Public speaking evokes the most controversial feelings in any person. First, you are scared and anxious, then you become more challenged, and afterwards you just feel privileged. When delivering a public speech, you have a large group of people listening attentively to you and being open to hear everything you say. So, how to strike the public?
- Tell some great stories. Most importantly, these stories should be interesting and appealing to the public. Focus on the main message of the story or what you personally have learned from it. There should always be a point or morale in what you are narrating. If you have chosen to tell some story, it should be for a reason.
- NEVER read your presentation from your notes, laptop, etc. Yes, speaking in front of the audience may make you nervous and it might be really challenging for you to maintain eye contact with your listeners. However, you should be “in the process of speaking” – not reading. If you are using some slides, remember that their main aim is to make it easier for the audience to perceive the information but not for you to read from them.
- Film a video to enhance your feeling of comfort while speaking. Film a video of your speech and then show it to some of your friends or family members and wait for a constructive feedback. Besides, even if you watch it on your own, you will be able to see your strengths and weaknesses.
- Deliver Your own speech. By this I mean, do not cite others’ opinions too much and do not make your speech look like a compilation of citations. Provide your own perspective on the issue.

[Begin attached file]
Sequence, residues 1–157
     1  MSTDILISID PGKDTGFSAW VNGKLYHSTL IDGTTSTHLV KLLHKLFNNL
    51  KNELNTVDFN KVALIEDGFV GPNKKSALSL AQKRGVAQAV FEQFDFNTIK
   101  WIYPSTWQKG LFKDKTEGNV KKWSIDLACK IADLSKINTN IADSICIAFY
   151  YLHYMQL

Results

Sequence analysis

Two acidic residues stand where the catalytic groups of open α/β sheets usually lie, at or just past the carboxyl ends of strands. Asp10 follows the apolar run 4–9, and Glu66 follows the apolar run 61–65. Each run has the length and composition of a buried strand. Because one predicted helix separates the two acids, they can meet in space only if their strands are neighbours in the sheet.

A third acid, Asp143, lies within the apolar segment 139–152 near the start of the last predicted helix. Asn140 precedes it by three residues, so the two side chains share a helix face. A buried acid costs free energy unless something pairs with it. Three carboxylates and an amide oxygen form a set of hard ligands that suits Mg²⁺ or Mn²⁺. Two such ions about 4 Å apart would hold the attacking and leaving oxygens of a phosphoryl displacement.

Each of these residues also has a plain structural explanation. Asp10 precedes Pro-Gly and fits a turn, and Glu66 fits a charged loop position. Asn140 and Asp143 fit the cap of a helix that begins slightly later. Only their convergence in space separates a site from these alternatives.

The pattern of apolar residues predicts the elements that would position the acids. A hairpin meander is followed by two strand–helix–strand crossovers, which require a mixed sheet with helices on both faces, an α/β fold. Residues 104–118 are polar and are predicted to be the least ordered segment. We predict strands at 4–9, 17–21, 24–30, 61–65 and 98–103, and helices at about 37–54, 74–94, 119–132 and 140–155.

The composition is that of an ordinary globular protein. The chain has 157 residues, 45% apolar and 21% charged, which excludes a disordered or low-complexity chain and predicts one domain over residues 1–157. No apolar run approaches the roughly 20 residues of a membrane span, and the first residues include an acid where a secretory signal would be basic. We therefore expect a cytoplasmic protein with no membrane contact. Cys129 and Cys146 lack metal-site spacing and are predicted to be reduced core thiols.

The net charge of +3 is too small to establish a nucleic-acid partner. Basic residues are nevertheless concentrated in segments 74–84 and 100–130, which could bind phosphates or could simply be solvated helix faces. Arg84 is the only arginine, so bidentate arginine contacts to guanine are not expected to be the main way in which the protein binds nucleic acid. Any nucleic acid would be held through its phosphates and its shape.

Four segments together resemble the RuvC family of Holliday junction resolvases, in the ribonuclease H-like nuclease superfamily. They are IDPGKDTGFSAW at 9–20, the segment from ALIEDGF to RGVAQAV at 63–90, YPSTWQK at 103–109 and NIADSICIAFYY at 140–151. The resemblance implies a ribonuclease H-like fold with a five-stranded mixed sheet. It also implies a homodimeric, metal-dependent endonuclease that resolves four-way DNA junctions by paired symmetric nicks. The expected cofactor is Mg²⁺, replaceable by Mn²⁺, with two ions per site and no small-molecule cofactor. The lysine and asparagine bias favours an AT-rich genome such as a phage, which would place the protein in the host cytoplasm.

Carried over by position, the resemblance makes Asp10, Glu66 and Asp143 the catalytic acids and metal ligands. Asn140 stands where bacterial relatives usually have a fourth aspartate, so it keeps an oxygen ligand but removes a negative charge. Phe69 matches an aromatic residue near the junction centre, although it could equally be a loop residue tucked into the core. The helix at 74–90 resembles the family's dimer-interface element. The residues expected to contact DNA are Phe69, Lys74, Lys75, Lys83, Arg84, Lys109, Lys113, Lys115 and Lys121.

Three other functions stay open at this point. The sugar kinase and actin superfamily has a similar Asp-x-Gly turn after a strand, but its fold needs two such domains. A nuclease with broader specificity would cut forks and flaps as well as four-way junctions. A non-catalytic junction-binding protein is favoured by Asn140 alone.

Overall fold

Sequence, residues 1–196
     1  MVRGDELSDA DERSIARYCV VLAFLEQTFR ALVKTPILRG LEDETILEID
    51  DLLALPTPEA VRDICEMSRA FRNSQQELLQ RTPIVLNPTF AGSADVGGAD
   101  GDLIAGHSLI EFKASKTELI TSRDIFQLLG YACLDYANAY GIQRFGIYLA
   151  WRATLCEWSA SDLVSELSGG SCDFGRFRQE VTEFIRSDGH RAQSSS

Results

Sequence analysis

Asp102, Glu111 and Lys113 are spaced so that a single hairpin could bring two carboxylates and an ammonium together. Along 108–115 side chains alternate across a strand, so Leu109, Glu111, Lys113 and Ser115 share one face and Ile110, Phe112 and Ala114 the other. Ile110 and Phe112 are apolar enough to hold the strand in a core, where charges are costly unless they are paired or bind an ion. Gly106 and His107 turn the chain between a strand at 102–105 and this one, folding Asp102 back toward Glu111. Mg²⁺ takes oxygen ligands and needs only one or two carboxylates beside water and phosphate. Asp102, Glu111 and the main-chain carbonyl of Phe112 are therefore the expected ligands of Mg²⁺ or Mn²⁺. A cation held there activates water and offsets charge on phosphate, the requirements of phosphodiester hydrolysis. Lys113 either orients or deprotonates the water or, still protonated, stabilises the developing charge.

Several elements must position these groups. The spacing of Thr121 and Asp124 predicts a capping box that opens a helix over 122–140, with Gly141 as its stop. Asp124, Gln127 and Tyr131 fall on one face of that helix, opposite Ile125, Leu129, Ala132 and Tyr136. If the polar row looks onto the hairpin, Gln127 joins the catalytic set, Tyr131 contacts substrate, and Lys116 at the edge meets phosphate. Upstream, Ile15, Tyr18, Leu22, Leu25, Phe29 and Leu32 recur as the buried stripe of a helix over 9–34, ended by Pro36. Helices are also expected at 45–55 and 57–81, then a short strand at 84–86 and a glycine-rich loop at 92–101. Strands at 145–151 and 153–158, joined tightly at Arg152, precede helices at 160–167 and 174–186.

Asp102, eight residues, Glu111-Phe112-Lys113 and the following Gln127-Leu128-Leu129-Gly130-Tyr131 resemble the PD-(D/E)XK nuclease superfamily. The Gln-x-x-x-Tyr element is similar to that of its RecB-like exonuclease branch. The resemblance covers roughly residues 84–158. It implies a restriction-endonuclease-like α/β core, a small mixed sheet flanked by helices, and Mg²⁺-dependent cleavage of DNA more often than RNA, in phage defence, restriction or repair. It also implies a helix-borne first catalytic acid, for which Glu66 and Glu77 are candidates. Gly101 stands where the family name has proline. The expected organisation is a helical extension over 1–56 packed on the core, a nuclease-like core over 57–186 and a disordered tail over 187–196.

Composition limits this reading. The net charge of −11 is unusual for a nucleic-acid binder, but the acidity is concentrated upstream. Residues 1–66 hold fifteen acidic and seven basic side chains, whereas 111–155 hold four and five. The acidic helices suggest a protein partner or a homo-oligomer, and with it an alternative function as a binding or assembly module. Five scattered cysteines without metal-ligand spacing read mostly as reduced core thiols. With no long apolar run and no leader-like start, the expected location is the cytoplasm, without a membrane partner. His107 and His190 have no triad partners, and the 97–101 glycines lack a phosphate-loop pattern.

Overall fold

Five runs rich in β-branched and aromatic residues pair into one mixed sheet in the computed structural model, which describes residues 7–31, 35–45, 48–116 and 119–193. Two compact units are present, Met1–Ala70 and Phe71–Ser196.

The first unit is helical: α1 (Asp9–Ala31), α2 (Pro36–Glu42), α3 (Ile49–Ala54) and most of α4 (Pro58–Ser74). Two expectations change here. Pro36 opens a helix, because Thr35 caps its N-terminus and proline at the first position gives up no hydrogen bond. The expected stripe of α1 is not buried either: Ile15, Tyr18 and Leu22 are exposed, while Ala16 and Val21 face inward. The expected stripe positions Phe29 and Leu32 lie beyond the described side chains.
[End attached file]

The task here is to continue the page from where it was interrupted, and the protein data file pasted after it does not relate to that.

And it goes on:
- Use Kawasaki’s “10 20 30 Rule” of Power Point presentations: 10 minutes, 20 slides, 30 font.
- Be energetic and interactive. Although you are the speaker, do not forget about the audience: interact with them, joke, ask questions.
- Jokes are not an obligatory part of a speech. Do not act like someone you are not. If you don’t like joking, then don’t do it on stage. Do not pretend to be a comedian. Maybe you have some other ways to get attention of the audience.
- Do not turn your speech into a Q & A format. If you expect the audience to interact with you straightaway and raise hands as soon as you ask a question, then you are greatly mistaken. Personally you, how often are you brave enough to raise your hand and start answering in front of unknown people?
- However, feel free to ask questions and communicate with your audience after the speech. If you want to know others’ opinions on your topic, ask some questions off stage. This will be more individual format of communication.
- Just be yourself. The more you pretend to be who you are not, the more people notice it. Therefore, be confident and try to make your presentation interesting and flow in a natural way.
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